Over the next few days we stayed with Matthew helping the nurses move, feed and care for Matthew. He was a very compliant patient and also didn’t need near as much pain medication as most children having the same procedure. I compare this to the time he had tendon release surgery and Matthew had less pain and while it was very different in other ways he had less pain with this surgery. We had been told he would have to stay ten days to two weeks, yet because we participated in his care and as Matthew did everything asked and didn’t need high doses of pain medicine we were allowed to go home after six days.

Matthew had to wear a plastic body brace for about two months, yet he developed a rash and the surgeon said he didn’t have to wear it as the incision had healed well. He returned to school after seven weeks. We did not have any problems with him being able to sleep. He had been getting me up four to six times a night and it was no different after surgery.

I know others have had less ideal experiences, yet planning and educating yourself and your son before the surgery helps prevent anxiety and makes it easier to deal with the whole process during and after. Matthew still is able to feed himself and his Pulmonary Function Tests have not decreases over the last three years. He sits straight and is more comfortable then before the surgery. So I will end by saying the procedure was very beneficial for him.
Wow Brian--what a helpful detailing of the spinal stabilization surgery. I hope many parents have read this. My son had the back surgery at age 18. We had thought he would be one of the ones who could avoid the procedure, but it wasn't to be. They tried to kick my son out of the hospital at 5 days, and we held out for 6 to make the change from a morphine drip to oral pain meds. At 5 days they took off the morphine drip and gave him 2 Tylenol. That was not effective! He needed strong pain meds for about 2 weeks, than we tapered it off slowly. He also wore the "turtle shell" brace for somewhere around 4 months I think. He had become somewhat dependant on the shell to stabilize him and gave it up slowly. We did it during the summer so he wouldn't miss school. He went to a camp on a University campus for 5 days after about 9 weeks. It was hard,as he still needed bed breaks, but he did it. We hired an aide to go with him. We are glad the procedure was done. He sits more comfortably in his wheelchair and probably breathes better than he would have without it. He is now a software engineer and able to work full-time. He uses a HeadMouse and a NIV "sip vent". He is 29.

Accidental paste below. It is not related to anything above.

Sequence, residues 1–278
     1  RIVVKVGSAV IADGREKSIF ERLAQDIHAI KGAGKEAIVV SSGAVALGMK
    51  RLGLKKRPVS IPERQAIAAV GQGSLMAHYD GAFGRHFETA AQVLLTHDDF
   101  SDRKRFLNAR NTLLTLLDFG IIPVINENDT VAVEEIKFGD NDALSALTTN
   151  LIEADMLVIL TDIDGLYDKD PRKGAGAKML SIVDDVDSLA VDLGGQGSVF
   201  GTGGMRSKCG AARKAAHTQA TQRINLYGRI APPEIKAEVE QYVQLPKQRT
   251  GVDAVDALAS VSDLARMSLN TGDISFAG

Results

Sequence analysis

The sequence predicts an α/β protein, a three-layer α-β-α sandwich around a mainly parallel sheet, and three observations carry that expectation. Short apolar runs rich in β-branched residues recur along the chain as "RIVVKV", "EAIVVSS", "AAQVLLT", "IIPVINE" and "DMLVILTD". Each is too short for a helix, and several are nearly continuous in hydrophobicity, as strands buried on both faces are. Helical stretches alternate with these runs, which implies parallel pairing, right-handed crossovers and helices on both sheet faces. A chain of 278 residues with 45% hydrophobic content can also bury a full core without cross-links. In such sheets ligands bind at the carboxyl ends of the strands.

Hello Cynthia,
i have a son who just turned 26. So yes we have been where you are and beyond...of course you know your son's personalities best and you and your husband are doing great. i is just hard. Communication is vital. Your sons know before you that there bodies are changing and their "status" is changing....they need to be able to talk about there changes and know you are there to listen when we have these unknowns facing each of you. The fact their bodies and status is changing and not talking about it maybe more damaging then discussing it. i has got to be so scary for them and they need a strong figure like you and your husband to guide them. If you do not have an answer ...admit it but all say they are never alone. Also stress that just because tthe medical books say this or that ...that does not mean it is going to happen to them......I do not know if this helps or not but please know I understand and you and your husband sound like you are on top of the situation and that is great....i kinda handled my sons gauge like you would the subject of sex. Only answer what they ask and don't add the extras unless needed.....it has been a pretty good gauge. warmly lynn
I thank you and everyone else for your support and we have a really good relationship with our children. Also since I now do not feel alone in our quest I have now begun to look for the positive in every situation because my boys have been very blessed with their health and we have again always practiced preventative measures and the boys understand that it is necessary and that has made them very strong. My daughter will be tested soon to see if she is a carrier of the dmd gene and we have had many talks about both possible outcomes and she is in full acceptance of whatever the results may be and although we as parents aren't as good at dealing with this dmd our kids are amazing. I was not aware of even having a history of this in my family and at least now we have done the right thing by keeping all of kids informed of the possibilities. Over 2 years ago I was diagnosed with Graves disease with the over active thyroid/hyperthyroidism and finally I have my thyroid stablized but may have to do one more radiation treatment. The positve to this is that my thyroid is not cancer. I hope you continue to spread the word so that other parents who were where I am will appreciated the support. I hoped my topic would not be too much but I realize that we are helping others who may not want to share our emotions maybe that is the best thing to do. Again may god bless your family.